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October 12, 2013 | By Robert Hilburn
Johnny Cash's life in the 1960s is mostly remembered as a time of glorious achievement - from the landmark prison albums at Folsom and San Quentin to the launch of the ABC-TV series featuring such guests as Bob Dylan and the Doors that led to his becoming a giant figure in popular culture, a symbol to millions, no less, of the best of American social values. But Cash also experienced excruciatingly dark times in the decade, fueled by drugs and guilt over the breakup of his marriage.
April 27, 2014 | By Kenneth R. Harney
WASHINGTON - Are you on the home-buying sidelines this spring because you think you won't be able to qualify for a mortgage? Do you know what sort of FICO credit scores are being accepted by lenders at the moment - they're lower than they were a year ago - and whether yours could now be good enough? You may be part of the surprisingly large crowd of folks who fear the home-loan unknown. A new national consumer survey found that 56% of potential purchasers of homes say they're out of the market because they don't want to face the possibility of rejection by lenders.
April 12, 2008 | From Times Wire Services
Wachovia Corp. is revising the underwriting policies in its mortgage loan business, a step that could make it harder to take out a home loan at the nation's fourth-largest bank. The Charlotte, N.C.-based company said the new guidelines for its portfolio loans, or those it keeps on its books, take effect this month. They are aimed at reducing Wachovia's exposure to risky home loans that tend to lead to foreclosures. "We want to ensure Wachovia maintains strong credit quality and we are making sure we're putting customers in the right loans," Wachovia spokesman Don Vecchiarello said.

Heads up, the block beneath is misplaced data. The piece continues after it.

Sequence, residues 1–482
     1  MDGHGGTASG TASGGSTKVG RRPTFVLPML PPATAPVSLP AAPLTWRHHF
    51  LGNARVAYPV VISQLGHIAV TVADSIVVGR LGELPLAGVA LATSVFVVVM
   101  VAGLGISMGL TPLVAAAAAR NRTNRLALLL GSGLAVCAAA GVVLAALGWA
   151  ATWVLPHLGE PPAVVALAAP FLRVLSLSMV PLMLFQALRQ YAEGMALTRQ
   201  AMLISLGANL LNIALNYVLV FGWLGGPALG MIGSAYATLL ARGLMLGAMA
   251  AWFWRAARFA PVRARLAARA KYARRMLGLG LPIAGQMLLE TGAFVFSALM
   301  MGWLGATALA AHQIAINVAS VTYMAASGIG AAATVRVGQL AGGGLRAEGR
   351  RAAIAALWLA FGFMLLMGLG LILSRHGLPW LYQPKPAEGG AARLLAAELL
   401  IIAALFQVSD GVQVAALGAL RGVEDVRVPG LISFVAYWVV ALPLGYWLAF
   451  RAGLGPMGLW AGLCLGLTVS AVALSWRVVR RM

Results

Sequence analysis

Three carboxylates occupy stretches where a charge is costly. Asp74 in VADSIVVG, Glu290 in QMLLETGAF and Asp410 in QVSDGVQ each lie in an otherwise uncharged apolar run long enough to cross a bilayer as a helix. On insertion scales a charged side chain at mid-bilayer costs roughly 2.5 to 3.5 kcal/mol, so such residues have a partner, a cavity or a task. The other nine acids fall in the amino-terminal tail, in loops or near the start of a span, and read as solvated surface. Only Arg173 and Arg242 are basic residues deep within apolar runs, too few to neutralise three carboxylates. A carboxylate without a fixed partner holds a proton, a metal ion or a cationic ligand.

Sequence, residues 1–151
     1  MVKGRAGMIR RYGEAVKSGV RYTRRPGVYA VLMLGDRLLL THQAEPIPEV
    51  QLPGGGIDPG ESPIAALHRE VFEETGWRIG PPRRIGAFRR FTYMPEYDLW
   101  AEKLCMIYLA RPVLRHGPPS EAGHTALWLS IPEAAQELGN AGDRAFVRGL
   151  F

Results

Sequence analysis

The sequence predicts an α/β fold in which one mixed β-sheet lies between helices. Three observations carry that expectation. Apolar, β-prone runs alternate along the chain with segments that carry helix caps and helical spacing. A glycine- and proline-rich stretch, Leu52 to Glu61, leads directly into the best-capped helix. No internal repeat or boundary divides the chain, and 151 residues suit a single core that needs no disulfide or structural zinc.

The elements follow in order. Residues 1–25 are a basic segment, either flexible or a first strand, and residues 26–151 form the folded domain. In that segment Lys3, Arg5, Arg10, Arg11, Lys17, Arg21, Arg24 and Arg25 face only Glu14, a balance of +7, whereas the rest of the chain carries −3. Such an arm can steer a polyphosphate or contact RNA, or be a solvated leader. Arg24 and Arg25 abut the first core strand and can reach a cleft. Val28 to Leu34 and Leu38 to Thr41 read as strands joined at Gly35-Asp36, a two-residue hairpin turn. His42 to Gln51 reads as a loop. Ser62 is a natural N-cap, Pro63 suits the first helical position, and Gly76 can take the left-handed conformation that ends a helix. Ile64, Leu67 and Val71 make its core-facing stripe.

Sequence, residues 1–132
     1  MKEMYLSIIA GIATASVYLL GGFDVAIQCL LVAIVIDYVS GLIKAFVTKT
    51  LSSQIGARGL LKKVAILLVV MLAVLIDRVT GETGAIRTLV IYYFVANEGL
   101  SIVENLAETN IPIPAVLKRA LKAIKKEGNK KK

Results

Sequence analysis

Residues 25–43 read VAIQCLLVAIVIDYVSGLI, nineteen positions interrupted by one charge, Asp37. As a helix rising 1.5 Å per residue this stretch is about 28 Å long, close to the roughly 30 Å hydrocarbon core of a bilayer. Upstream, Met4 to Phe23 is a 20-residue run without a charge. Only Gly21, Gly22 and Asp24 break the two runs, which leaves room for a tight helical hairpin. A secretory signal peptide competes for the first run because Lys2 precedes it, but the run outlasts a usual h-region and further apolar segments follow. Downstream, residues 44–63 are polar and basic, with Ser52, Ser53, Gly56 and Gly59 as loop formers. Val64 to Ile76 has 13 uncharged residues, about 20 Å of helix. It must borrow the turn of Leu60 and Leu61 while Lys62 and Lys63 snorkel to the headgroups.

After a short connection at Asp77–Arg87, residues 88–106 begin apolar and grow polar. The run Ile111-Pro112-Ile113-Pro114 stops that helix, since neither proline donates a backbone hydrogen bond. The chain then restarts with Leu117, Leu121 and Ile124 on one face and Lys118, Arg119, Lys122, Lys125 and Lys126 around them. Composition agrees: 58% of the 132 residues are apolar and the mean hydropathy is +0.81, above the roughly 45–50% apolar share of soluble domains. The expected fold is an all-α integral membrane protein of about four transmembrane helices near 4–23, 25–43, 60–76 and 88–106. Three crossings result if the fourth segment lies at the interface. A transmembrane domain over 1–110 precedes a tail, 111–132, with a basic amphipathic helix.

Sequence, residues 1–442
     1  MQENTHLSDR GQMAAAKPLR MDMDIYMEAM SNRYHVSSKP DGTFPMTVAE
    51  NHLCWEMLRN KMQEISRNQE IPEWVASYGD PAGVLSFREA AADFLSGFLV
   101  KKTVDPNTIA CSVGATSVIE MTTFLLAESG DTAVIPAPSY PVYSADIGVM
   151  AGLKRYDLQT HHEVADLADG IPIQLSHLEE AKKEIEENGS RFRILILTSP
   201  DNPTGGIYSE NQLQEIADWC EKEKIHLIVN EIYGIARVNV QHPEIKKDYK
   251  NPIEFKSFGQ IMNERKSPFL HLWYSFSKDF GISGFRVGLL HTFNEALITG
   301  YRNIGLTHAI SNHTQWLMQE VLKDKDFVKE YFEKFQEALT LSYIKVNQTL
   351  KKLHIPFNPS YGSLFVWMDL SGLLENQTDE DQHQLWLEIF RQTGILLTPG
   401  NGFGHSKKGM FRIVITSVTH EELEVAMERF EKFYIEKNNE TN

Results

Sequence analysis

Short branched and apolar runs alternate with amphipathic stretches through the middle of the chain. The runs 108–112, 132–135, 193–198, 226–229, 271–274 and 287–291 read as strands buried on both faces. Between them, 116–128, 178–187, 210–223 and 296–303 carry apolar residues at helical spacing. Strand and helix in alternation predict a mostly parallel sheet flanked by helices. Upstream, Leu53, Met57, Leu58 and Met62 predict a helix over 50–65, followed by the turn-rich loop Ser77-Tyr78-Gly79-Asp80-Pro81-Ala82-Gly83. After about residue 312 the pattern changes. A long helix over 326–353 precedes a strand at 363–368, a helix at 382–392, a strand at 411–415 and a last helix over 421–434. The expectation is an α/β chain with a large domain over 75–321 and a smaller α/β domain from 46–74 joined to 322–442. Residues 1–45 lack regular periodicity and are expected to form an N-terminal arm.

April 27, 2014 | Liz Weston, Money Talk
Dear Liz: I got a big tax refund this year and am trying to figure out what to do with the money. Right now I have school loans with a 4% interest rate that I do not need to make a payment on until 2024 with my current payment plan, but the amount I owe is pretty hefty and I know it's going to compound more over time. I also have a very low-interest car loan (1.9%) that will be paid off in 31/2 years. I also could put that money in the market in hopes that it will grow. I should add I am 27 years old. Any advice?
April 9, 2008 | From Times Staff and Wire Reports
Citigroup Inc. is in talks to sell $12 billion of junk-grade corporate loans to Apollo Management, Blackstone Group and TPG Inc. as part of an effort to shrink the bank's balance sheet, a person familiar with the matter said. The loans are part of $43 billion of leveraged-buyout debt that Citigroup was stuck with last year after credit markets froze. The company, the biggest U.S. bank as measured by assets, could complete the sale by next week, when it is expected to report first-quarter results.
December 19, 1990 | LISA MASCARO
Homeowners in Buena Park will now have a chance to make improvements to single-family homes with the assistance of low-interest loans available through the city. Just over 100 of the one-time-only loans for up to $20,000 each are available to qualified homeowners in the city on a first-come, first-served basis. And up to $30,000 is available to those residents hoping to build room additions to relieve overcrowding in their homes.
September 23, 1988 | DOUGLAS FRANTZ, Times Staff Writer
First Interstate Bancorp said Thursday that it will set aside a surprisingly hefty $180 million for loan losses at its Texas bank and shift $400 million in non-performing loans to a so-called bad bank. The separate actions will result in a third-quarter loss "much in excess of $100 million," but earnings should improve sharply in 1989, Joseph J. Pinola, chairman and chief executive of the Los Angeles-based banking company, said in an interview.